Autechre are back from Greater Manchester with another record that is so extraordinary it warrants its own genre. Ten-minute nightmares such as 'irlite (get O)' ought to be boring (holes in my head) by now, but this is different again. It really, really is. Like every record in the top five here (and almost all present) it really needs to have chat with the ombudsman to mount its justifiable challenge to be installed as record of the year.

    2: Coin Coin Chapter Two: Mississippi Moonchile by
    Well, it is impossible to convey how excited I am by this record...but I think I will give it a go: free jazz in 2013 in the hands, or saxophone-soaked lips, of a woman? Yes, that was a sexist sentence, but free jazz (for all its brilliance) has always neglected the ladies. The same is true of most none-pop/singer orientated jazz – the fondness with which we remember Erica Dolphy, Alberta Ayer, Millie Davis, Joan Coltrane and Annette Coleman notwithstanding (if these joke names passed you by, incidentally, it is time to stop reading). Indeed, Matana Roberts herself has been reluctant to classify her music as 'jazz'. because so many men within the genre still question her right to participate in it.

    Anyway, enough of the historical context that ignores this record's historical content. This record is part of ambitious series to chart the history of African-American women – breaking the experiential jazz mould not only because its by a woman, but because it's experimental jazz about women. The first Coin Coin record was about an anti-slave campaigner of that name, whereas this is chiefly about Robert's grandmother and the black women of Mississippi. Though largely instrumental and saxophone led, an interview with Robert's grandmother is relayed (without the questions) in segments. There are tales of a women being beaten brutally in a cell, but this is mostly a celebration of black women in America, rather than a condemnation of white oppressors. The final words, and indeed sounds, we hear are telling: “Do not weep for me”.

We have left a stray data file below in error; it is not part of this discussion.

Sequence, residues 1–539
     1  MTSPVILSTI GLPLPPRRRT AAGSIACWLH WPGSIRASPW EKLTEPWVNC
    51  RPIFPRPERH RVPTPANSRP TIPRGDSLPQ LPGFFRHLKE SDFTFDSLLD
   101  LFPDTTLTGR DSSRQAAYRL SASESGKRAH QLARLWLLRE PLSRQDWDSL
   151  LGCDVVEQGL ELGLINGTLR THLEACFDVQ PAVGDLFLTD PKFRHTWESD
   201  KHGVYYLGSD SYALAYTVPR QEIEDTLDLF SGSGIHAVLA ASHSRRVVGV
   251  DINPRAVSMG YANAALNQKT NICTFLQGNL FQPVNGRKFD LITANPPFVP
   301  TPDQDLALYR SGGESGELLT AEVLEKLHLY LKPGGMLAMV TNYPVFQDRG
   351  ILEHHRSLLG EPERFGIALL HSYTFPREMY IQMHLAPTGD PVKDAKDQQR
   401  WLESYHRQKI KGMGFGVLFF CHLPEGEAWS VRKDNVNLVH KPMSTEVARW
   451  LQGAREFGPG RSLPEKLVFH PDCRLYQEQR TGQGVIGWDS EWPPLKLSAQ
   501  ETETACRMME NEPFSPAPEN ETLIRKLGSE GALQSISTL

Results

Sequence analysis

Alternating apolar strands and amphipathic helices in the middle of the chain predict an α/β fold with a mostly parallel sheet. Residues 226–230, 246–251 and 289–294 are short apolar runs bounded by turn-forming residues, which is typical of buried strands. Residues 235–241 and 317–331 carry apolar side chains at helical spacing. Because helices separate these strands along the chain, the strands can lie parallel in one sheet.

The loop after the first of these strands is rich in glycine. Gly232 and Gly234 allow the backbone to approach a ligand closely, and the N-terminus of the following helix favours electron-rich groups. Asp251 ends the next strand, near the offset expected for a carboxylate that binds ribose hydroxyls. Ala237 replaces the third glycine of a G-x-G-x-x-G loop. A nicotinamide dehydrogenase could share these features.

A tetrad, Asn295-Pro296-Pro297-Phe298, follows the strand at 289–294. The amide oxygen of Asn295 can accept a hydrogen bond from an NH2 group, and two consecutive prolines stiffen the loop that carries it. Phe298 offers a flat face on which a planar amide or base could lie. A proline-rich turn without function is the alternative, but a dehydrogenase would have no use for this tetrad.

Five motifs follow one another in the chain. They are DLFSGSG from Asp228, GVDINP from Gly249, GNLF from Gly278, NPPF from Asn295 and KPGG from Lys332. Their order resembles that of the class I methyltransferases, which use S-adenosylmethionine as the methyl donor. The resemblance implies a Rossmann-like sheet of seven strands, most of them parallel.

Furthermore, Mississippi Moon is a about black-American music. Roberts maintains that opera was never the preserve of the white middle-classes in America, and so an opera singer serenades us throughout.

    Listen. It sounds incredible!

    1: Long Story Short Curated by

    So, 2013's greatest release is some six-hour (and five-disc) compendium of a 2011 free/avant-garde jazz festival collecting unholy collectives dragged over from Africa, Scandinavia, Japan and America and glued together by a German septuagenarian saxophonist? What else?

    How does one listen to hour upon hour to this **** and want to start over again... every time? Brotzmann features heavily – though often not the only saxophonist in the hen house – and he's is joined by legends old and new (especially Bill Laswell, the boys from the The Thing! and the super Toshinori Kondo) – alongside some fuckers so obscure that one couldn't train a dog to return a stick to them. Whatever style of experimental (and sometimes borderline) jazz we are treated to (I'm told that we even venture into African trance), it vital sound after vital sound hour after hour.

    Somehow, even though it commemorates a different year, it reminds me of how great this year and has been and that free jazz never really went away. Now it is the best stuff of the year once more. 2013 is the year jazz broke, because it feels like in the midst of the Davis/Coleman/Cherry/Ayer heyday right now. Right here - even though most of these chaps have been around forever.

    Just click here and start life afresh: Various Artists – Long Story Short

    Oh, this other stuff is fucking fantastic too...

    26: The Island Come True by L. Pierre
    25: Exit by The Fire! Orchestra
    24: Dansktoppen Møder Burkina Faso I Det Himmelblå Rum Hvor Solen Bor, Suite by Frisk Frugt
    23: Immunity by Jon Hopkins
    22 Loud City Song by Julia Holter
    21: Run the Jewels by Run the Jewels
    20 R Plus Seven by Onehtrix Point Never
    19: Character by Julia Kent
    18: Boot! by The Thing
    17 Music for Private Ensemble by Sean McCann
    16: History of the Visitation by Guapo
    15: Virgins by Tim Hecker
    14 1/1 Moritz Von Oswald
  • The Old Baker's Dozen: Finest Records of 2012

    3 jan. 2013, 8h07m

    13: Quakers by
    Sheer scope delivered this to the edge of my chart: as Fuzz Face, Barrow and his Stones Throw regiment plucked dozens of rappers from Myspace accounts (others were established, of course) and set their merry musings to samples from the likes of Radiohead. Musically and lyrically it borrows so heavily from hip hop’s history that its library fines date back to the eighties, but its consistency in the head-paroxysm department is insane.